By 2020 advanced mobile technology will be commonplace around the globe: smartphone subscriptions will more than double, reaching 6.1 billion, 70 per cent of the world's population will be using smartphones, and 90 percent will be covered by mobile broadband networks.
Findings from the latest edition of the Ericsson Mobility Report, shows that growth in mature markets comes from an increasing number of devices per individual.
In developing regions, it comes from a swell of new subscribers as smartphones become more affordable; almost 80 percent of smartphone subscriptions added by year-end 2020 will be from Asia-Pacific, the Middle East, and Africa.
With the continued rise of smartphones comes an accelerated growth in data usage: smartphone data is predicted to increase ten-fold by 2020, when 80 percent of all mobile data traffic will come from smartphones.
“This immense growth in advanced mobile technology and data usage, driven by a surge in mobile connectivity and smartphone uptake, will makes today's big data revolution feel like the arrival of a floppy disk,” says Rima Qureshi, Senior Vice President, Chief Strategy Officer, Ericsson.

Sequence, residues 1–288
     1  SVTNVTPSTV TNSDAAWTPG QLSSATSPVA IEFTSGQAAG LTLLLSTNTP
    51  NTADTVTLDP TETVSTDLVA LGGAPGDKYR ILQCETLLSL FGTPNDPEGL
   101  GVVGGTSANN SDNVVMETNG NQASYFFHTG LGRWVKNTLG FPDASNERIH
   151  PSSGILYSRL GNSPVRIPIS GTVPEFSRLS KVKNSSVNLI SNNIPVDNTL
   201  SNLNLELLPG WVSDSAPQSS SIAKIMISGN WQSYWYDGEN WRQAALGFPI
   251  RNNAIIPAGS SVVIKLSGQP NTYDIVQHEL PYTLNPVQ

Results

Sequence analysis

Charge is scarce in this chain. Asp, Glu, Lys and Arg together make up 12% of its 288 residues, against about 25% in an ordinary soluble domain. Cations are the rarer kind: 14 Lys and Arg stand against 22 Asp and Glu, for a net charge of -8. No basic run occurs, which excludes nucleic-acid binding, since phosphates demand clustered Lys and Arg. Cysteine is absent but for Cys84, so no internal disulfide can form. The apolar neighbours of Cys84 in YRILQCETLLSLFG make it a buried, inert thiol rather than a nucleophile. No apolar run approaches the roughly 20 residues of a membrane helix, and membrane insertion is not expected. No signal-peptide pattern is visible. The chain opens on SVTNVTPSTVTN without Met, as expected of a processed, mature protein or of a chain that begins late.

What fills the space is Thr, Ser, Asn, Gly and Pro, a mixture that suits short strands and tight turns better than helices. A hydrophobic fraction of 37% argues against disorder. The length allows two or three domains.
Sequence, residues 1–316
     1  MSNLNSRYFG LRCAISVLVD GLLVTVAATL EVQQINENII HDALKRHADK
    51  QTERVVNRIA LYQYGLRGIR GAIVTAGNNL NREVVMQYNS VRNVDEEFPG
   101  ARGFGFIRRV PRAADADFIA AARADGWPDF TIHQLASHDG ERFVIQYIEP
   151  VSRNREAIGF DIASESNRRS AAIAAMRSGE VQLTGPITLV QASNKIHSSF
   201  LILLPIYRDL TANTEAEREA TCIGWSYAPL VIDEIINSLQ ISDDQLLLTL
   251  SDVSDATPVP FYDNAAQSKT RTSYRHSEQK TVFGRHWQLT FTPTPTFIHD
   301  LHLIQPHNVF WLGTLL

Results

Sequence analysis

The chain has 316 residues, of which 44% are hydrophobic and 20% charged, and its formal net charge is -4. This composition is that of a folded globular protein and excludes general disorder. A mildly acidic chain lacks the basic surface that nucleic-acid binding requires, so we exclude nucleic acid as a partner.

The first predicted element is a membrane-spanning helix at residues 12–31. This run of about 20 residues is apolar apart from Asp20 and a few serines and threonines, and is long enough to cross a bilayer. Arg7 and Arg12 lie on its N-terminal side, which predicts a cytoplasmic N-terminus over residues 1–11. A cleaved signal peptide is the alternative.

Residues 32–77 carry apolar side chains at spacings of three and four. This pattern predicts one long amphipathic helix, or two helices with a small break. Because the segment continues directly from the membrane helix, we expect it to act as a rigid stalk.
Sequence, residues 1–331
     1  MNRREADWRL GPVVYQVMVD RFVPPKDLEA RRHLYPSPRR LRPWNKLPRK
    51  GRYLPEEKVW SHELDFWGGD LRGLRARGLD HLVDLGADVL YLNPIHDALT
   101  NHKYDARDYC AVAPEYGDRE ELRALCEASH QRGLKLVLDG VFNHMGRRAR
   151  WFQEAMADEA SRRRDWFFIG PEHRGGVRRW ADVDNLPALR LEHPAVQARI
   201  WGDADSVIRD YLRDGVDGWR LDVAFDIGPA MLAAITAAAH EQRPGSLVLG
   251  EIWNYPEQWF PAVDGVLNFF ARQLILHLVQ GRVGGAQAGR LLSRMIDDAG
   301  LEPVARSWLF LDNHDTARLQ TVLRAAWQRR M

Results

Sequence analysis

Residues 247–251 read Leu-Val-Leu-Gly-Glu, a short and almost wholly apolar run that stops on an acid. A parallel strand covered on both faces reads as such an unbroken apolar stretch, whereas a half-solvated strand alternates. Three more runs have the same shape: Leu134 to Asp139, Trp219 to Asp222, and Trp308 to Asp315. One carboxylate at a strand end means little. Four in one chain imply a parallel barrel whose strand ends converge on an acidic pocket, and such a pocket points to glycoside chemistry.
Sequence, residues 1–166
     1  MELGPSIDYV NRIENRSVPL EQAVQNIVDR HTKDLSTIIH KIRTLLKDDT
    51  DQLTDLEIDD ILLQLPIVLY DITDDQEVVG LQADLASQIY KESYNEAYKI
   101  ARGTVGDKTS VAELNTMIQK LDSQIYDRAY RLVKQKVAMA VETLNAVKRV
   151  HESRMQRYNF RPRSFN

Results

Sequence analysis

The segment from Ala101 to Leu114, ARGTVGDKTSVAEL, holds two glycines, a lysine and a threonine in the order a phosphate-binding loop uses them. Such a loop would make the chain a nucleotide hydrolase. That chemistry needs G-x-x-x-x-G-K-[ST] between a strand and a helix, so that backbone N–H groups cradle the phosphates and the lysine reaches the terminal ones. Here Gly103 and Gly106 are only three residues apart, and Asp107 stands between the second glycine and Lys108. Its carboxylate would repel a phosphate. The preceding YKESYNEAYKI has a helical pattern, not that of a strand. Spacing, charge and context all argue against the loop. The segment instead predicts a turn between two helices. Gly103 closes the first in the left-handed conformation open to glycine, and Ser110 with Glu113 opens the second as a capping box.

“We see the potential for mass-scale transformation, bringing a wealth of opportunities for telecom operators and others to capture new revenue streams.
“But it also requires greater focus on cost efficient delivery and openness to new business models to compete and remain effective.”
Qureshi believes that an expanding range of applications and business models coupled with falling modem costs are key factors driving the growth of connected devices.
Added to this, new use cases are emerging for both short and long range applications, leading to even stronger growth of connected devices moving forward.
Ericsson's forecast, outlined in the report, points to 26 billion connected devices by 2020, confirming we are well on the way to reaching the vision of 50 billion connected devices.
Each year until 2020, mobile video traffic will grow by a staggering 55 per cent per year and will constitute around 60 percent of all mobile data traffic by the end of that period.
Qureshi says growth is largely driven by shifting user preferences towards video streaming services, and the increasing prevalence of video in online content including news, advertisements and social media.
When looking at data consumption in advanced mobile broadband markets, findings show a significant proportion of traffic is generated by a limited number of subscribers.
Findings show that these heavy data users represent 10 per cent of total subscribers but generate 55 per cent of total data traffic.
Meanwhile, Qureshi adds that video is dominant among heavy users, who typically watch around one hour of video per day, which is 20 times more than the average user.